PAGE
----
This site occupies the north-western and central part of Mahé (c.20% of the whole island) and contains Morne Seychellois National Park (3,090 ha), which includes the highest mountain of Seychelles (914 m). Its steep slopes are covered with dense secondary forests and shrub woodland, interrupted by impressive cliffs and granite boulders (glacis). This IBA also includes the mountainous area to the south-east, between the former Satellite Tracking Station (New Savy), Cascade, Montagne Planeau, Grand Bois, Castor, Varigault and Mont Sébert. This area lies outside the national park, but a project exists to partially protect it. The adjacent areas of La Misère and Cascade, also included, are mainly occupied by man-modified habitats, such as residential areas, orchards, small-scale agriculture and cattle farms, tea plantations, roads, powerlines and other infrastructure. Forests of low and intermediate altitudes are dominated by exotic, invasive trees (mainly Cinnamomum verum, Paraserianthes falcataria and Alstonia macrophylla), shrubs (the invasive exotic Chrysobalanus icaco), and huge granite boulders but, above 600 m in the Morne Seychellois National Park, stands of primary moist forest with few exotics still remain. Endemic species include Medusagyne oppositifolia and Vateriopsis sechellarum (both very rare), Dillenia ferruginea and Northea hornei (more common), Phoenicophorium borsigianum and Nephrosperma vanhoutteanum, Erythroxylum sechellarum, Nepenthes pervillei and Secamone schimperianus. During the nineteenth and the first half of the twentieth centuries extensive exploitation of timber and cinnamon production took place. Present human activities (forestry, nature conservation/research, tourism and a little tea cultivation), are limited to less than 10 % of the total area of the IBA.
See Box and Table 2 for key species. This site contains virtually the world population of Otus insularis (90–180 pairs). The La Misère, Haut Barbarons, and Cascade areas are the only three known significant breeding sites on Mahé for Zosterops modestus (c.12 pairs plus helpers, with about 10–15 birds at each site). These hold about 10% of the world population for this species. The IBA also holds 60–120 pairs of Falco araea (about 25% of the world population) and Collocalia elaphra, of which there are probably several hundreds of pairs, nesting in as yet undiscovered colonies. One cave near Le Niol, apparently occupied in the past, is now deserted. Due to its large size, the site is also of great importance for Alectroenas pulcherrima (>350 pairs), Hypsipetes crassirostris (1,700–2,400 pairs) and Nectarinia dussumieri (1,500–2,300 pairs). Other species of interest include Streptopelia picturata picturata, Phaethon lepturus (at least 200 pairs) and Gygis alba. Butorides striatus and Gallinula chloropus occur in ponds at low altitude.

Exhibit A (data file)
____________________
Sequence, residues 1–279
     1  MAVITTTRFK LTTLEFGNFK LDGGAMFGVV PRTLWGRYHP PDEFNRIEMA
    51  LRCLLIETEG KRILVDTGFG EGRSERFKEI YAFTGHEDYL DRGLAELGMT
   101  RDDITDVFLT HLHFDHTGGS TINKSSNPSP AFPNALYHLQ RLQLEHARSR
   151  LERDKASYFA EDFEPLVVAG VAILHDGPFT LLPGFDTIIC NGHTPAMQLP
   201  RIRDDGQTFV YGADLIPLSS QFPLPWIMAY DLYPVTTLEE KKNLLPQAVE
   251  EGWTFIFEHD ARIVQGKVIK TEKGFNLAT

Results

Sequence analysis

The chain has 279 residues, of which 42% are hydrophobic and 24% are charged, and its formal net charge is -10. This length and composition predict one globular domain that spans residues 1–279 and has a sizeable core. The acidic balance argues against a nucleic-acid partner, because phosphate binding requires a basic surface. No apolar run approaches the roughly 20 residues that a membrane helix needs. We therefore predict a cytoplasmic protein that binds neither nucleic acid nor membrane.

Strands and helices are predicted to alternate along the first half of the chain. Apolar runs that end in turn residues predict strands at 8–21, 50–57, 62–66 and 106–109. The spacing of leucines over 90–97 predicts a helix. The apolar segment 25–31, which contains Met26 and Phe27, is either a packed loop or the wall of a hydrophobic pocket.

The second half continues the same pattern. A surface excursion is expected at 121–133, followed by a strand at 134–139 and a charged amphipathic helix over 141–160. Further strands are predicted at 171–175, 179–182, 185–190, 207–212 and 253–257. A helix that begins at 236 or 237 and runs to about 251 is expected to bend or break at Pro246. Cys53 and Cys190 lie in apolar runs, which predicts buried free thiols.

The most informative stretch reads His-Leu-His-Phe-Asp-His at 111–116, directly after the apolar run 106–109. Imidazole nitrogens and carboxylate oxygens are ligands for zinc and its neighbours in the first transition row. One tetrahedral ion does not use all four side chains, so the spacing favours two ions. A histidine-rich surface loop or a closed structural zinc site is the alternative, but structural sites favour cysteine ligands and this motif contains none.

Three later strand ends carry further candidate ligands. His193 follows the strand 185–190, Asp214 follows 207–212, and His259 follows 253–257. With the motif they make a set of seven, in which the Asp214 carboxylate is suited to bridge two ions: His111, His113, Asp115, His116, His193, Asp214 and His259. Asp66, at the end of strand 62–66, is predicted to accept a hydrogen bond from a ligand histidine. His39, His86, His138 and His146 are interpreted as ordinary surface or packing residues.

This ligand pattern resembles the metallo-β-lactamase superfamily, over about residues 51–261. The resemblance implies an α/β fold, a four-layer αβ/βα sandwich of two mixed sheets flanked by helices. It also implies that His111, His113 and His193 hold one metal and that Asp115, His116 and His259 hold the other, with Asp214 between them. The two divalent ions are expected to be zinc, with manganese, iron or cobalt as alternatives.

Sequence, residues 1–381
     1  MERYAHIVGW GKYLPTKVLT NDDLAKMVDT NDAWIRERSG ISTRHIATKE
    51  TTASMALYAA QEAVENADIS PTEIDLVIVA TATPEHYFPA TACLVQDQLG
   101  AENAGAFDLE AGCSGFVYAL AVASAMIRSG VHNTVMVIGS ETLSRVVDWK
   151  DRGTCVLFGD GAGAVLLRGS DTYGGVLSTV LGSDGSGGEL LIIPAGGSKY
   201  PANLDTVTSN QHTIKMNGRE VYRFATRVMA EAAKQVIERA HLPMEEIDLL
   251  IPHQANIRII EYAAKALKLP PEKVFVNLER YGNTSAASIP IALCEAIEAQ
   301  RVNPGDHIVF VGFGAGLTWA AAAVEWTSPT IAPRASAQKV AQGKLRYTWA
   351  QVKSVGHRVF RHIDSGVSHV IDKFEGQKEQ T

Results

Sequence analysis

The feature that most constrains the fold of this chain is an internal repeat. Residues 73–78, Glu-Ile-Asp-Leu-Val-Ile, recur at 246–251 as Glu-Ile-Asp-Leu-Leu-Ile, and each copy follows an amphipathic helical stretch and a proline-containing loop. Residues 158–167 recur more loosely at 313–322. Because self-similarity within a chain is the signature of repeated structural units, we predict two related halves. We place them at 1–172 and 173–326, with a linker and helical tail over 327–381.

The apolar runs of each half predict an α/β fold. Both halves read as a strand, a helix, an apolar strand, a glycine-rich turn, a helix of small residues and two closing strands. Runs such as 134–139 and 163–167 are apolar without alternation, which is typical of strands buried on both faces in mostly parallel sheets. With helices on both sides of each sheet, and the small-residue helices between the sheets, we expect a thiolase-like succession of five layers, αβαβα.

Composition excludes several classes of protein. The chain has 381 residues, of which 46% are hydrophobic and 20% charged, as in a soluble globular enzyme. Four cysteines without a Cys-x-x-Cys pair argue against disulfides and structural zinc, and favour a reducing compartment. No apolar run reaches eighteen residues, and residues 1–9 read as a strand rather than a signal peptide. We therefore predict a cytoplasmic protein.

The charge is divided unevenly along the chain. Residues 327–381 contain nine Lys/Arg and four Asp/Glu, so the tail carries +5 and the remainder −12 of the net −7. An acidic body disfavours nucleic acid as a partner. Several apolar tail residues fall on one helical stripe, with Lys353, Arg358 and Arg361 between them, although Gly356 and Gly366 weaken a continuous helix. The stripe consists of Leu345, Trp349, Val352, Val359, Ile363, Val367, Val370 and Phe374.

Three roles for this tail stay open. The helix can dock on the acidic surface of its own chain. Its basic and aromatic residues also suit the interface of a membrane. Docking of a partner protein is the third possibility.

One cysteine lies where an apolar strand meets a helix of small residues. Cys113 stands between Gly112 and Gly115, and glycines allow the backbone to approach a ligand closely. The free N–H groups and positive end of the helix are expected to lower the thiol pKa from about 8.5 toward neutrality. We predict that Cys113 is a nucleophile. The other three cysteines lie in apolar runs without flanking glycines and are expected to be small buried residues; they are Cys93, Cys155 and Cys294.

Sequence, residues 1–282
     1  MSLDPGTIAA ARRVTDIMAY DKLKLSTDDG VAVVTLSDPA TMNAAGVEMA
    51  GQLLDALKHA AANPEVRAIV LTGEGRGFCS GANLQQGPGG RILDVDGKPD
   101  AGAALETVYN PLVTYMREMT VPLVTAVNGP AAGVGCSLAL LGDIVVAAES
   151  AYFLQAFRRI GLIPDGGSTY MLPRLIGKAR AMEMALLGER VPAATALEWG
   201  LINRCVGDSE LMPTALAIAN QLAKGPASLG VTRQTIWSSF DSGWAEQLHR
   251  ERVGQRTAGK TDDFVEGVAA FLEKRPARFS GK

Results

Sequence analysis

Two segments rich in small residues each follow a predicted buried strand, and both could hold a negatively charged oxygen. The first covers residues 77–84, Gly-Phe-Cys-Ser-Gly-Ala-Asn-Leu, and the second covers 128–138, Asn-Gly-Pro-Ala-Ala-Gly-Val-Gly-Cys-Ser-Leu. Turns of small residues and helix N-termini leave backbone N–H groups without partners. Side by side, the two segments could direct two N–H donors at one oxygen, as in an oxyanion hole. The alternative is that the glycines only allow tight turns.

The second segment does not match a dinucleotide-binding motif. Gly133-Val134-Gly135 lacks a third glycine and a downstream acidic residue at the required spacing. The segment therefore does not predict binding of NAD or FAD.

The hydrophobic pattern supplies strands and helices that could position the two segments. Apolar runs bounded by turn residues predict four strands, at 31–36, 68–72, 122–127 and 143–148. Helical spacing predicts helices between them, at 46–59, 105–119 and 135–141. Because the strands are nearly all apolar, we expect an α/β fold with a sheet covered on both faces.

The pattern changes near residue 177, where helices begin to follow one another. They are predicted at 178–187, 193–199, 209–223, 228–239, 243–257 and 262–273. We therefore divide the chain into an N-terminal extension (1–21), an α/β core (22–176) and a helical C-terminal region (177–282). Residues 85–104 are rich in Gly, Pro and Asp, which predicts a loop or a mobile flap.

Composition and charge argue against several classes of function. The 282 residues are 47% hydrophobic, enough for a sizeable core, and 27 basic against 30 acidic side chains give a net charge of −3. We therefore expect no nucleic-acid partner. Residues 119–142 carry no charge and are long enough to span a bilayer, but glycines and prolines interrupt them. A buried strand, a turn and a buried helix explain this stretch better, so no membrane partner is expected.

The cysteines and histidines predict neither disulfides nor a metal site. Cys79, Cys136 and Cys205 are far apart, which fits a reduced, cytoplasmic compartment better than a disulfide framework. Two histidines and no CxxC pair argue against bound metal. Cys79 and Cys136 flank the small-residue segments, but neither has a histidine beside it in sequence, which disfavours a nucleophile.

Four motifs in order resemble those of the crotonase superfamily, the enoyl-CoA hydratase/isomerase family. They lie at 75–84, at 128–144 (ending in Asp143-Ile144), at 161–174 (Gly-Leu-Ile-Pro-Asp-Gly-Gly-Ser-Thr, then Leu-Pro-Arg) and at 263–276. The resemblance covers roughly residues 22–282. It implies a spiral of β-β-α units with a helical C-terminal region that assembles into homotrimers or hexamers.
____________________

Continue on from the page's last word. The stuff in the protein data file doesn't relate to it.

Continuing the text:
Non-bird biodiversity: Four species of frogs and six species of caecilians endemic to Seychelles occur. The IBA is the main stronghold for the rare endemic tiger chameleon Chamaeleo tigris and contains important populations of the endemic snakes Lamprophis geometricus and Lycognathophis seychellensis. Several endemic skinks and geckos are also present. The site also hosts small numbers of the bat Coleura seychellensis seychellensis (CR) and large numbers of the bat Pteropus seychellensis.
BirdLife International (2020) Important Bird Areas factsheet: Mahé highlands and surrounding areas. Downloaded from http://www.birdlife.org on 02/04/2020.